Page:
Ypsilanti Citizen Community ]]>

Volunteers prepare for Ypsi PRIDE Day
By Mark Tower
May. 13, 2010   ·   7:09 a.m.

Volunteers and W.H. Canon employees plant flowers in Depot Town while Ypsilanti resident Mike Labadie repairs the planter's brick work on Ypsi PRIDE Day last year.

Each year, residents in and around the city of Ypsilanti carry on a tradition started by a group of community members enrolled in a city leadership program, a sort...read more

Bicycles zoom as flowers bloom
By Citizen staff
Apr. 30, 2010   ·   2:11 p.m.

Riders from last year's spring ride come in after a long trip. Bike Ypsi’s 2010 Spring Ride and Festival is from 10 a.m. - 2 p.m. Sunday at Recreation Park (1015 Congress Street).

The weather has turned, the trees are budding and the flowers are popping out of the ground; time for a cruise through town. But don’t be so quick to hop in the...read more

Sheriff Clayton visits Ypsilanti Township
By Mark Tower
Apr. 29, 2010   ·   12:59 p.m.

Ypsilanti Township resident Kathleen Hanadel takes notes as her and other residents attempt to asses WCSO services Tuesday evening at a community forum held at the township's community center.

About 50 Ypsilanti Township residents gave the Washtenaw County Sheriff Office their input about law enforcement in the community Tuesday evening.

The information...read more

Local photographer raising funds for Ypsi Project exhibit
By Adrienne Ziegler
Apr. 20, 2010   ·   2:20 a.m.

Ypsilanti resident Nicholas Beltsos his grandson Demetrios were photographed by Project Ypsi photographer Erica Hampton during a bike ride she took Monday. A former EMU economics professor, Beltsos and his family moved to Ypsi from Dearborn in 1967.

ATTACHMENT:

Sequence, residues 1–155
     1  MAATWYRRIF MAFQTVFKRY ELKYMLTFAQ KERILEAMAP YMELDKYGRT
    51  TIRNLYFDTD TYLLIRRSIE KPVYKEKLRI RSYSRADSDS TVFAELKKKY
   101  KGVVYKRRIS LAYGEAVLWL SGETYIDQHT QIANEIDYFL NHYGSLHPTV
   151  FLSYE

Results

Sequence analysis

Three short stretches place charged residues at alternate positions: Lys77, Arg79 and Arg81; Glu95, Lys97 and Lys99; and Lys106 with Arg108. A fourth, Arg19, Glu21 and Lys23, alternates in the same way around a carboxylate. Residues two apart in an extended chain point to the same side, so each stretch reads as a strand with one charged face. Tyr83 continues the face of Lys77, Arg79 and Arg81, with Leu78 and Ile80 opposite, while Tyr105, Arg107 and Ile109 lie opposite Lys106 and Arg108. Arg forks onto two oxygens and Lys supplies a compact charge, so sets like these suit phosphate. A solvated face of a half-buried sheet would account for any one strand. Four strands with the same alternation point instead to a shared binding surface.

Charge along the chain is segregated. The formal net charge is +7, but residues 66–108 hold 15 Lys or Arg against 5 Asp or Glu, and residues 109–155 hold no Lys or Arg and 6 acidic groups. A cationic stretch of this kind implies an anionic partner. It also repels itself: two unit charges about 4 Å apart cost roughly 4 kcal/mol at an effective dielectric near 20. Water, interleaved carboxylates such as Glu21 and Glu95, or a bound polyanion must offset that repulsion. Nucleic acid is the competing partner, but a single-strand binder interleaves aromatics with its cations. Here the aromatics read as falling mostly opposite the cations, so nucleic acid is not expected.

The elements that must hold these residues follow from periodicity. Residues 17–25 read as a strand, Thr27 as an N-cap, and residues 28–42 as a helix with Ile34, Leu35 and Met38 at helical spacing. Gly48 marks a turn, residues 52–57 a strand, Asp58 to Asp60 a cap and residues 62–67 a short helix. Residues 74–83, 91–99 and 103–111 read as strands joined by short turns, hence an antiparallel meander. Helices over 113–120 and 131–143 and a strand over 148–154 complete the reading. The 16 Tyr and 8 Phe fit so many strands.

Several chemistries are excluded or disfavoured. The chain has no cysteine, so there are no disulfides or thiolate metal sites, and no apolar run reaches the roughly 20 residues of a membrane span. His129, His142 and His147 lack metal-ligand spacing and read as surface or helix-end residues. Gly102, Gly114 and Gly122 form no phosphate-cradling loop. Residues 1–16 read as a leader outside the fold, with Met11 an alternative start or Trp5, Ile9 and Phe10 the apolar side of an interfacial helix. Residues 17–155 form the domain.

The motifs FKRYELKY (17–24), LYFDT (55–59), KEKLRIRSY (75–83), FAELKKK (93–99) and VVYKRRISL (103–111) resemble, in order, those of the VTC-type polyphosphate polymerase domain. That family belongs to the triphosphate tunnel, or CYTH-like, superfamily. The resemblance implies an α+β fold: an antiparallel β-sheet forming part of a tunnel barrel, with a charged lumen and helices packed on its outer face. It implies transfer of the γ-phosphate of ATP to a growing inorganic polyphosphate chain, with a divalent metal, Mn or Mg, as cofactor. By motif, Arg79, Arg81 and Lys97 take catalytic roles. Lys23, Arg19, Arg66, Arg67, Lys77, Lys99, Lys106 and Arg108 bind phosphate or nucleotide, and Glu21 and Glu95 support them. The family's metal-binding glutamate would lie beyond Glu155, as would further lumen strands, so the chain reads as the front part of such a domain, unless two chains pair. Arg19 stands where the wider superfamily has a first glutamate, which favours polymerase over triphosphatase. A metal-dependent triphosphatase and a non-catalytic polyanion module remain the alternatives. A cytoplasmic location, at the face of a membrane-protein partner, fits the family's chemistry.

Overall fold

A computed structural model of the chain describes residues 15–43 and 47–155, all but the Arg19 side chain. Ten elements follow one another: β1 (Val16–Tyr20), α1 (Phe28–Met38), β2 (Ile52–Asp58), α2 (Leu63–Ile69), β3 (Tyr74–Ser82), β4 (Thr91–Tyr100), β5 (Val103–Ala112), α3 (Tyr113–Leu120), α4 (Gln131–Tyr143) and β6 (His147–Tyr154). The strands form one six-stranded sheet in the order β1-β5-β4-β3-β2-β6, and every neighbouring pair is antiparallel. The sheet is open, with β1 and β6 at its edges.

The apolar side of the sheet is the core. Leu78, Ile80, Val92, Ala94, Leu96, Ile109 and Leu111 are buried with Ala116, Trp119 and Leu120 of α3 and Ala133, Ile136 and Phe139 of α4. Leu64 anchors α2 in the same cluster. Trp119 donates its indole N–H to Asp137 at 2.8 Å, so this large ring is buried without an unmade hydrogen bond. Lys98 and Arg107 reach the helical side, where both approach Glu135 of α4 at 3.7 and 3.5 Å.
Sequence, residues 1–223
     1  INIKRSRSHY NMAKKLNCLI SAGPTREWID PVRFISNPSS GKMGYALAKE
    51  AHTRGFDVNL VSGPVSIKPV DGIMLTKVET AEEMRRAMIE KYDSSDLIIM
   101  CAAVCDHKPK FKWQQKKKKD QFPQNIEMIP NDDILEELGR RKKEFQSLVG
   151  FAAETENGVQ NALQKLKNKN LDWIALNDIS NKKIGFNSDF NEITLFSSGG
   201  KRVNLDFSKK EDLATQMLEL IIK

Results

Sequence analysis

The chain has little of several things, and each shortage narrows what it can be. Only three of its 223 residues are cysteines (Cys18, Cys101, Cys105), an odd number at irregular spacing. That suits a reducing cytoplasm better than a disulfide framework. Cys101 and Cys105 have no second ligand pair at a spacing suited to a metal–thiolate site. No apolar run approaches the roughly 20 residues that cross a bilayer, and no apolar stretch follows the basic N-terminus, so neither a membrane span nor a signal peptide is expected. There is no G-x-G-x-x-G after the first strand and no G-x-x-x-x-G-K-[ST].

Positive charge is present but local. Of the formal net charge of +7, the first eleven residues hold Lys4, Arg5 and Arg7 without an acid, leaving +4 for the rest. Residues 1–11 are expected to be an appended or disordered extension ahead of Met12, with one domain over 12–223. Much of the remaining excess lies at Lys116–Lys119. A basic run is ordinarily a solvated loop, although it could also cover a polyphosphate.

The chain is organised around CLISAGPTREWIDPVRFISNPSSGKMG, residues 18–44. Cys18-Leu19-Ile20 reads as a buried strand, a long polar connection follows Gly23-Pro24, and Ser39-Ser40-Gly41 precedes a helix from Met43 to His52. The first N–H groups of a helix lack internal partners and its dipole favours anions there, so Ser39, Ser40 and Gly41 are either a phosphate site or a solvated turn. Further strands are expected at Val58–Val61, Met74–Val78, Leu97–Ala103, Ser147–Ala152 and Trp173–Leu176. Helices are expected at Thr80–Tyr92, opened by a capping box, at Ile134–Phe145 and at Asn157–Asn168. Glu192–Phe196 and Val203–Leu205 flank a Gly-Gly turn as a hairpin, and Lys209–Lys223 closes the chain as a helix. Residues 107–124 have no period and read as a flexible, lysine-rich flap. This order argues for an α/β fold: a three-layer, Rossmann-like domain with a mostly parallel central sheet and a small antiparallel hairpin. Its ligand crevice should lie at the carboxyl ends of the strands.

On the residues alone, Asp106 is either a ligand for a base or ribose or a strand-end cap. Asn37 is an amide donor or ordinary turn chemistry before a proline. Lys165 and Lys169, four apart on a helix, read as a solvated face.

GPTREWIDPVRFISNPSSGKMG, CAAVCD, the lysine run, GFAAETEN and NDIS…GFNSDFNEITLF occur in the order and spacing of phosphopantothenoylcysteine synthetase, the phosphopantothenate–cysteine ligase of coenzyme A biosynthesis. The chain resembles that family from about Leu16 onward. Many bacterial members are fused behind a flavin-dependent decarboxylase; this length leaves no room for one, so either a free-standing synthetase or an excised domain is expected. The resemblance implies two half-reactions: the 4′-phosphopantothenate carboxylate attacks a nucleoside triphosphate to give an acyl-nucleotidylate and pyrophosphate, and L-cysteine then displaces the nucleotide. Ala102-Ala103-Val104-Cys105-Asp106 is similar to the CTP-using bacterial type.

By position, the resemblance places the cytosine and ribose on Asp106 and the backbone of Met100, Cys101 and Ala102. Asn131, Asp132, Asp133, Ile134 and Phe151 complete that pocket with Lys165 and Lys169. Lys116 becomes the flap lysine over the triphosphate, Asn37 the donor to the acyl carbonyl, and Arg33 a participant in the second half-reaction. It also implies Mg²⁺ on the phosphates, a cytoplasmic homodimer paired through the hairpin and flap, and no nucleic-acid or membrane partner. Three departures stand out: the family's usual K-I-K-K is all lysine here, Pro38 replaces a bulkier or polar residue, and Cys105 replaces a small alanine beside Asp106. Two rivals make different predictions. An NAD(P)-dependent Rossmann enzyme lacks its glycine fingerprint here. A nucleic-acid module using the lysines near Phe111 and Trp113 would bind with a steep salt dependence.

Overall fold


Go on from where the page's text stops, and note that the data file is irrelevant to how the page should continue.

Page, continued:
Ypsilanti has many faces, and Erica Hampton wants to share a few of them with you.

Over the past year, Hampton created the The Ypsi Project, a series of portraits...read more

Savoy taking shape as live music venue
By Dan DuChene
Apr. 17, 2010   ·   2:38 p.m.

Local funk band Third Coast Kings play in Ypsilanti's newest live music venue, Savoy, Friday night.

Ypsilanti's newest concert venue is preparing for its grand opening weekend April 23, more than a month after its soft opening March 13.

Formerly Club Divine,...read more

Auction nearly doubles fundraiser goal

Photo by Dan DuChene

More than 200 people packed into the Michigan Firehouse Museum on West Cross St. for "The Train Stops Here Benefit Auction." The Auction raised more than $45,000 for the Ypsilanti Freighthouse.
Ypsilanti Farmers Market

Event held to benefit Ypsilanti Freighthouse restoration project

By Dan DuChene
Apr. 12, 2010    ·    10:25 a.m.

It was a fun Friday night for those who attended the auction held to benefit the restoration of the Ypsilanti Freighthouse, but also successful for organizers.

With approximately 225 well-dressed people in the audience eating and drinking food and drink from local providers, all bidding on items from a private lunch at Beezy's Cafe to an African safari in Zululand, the event raised more than $45,000.

The goal for the event, held at the Michigan Firehouse Museum on Cross Street, was $25,000.

Phase one of the construction began last month and is expected to be completed by the end of May. The work includes repairs to the structure's foundation, stabilizing the walls and constructing a new roof. Work in phase two, expected to run from June through August, will include masonry work, soffit and eave repairs as well as work on the decking, including the construction of a new west decking that was present in the original 1878 structure.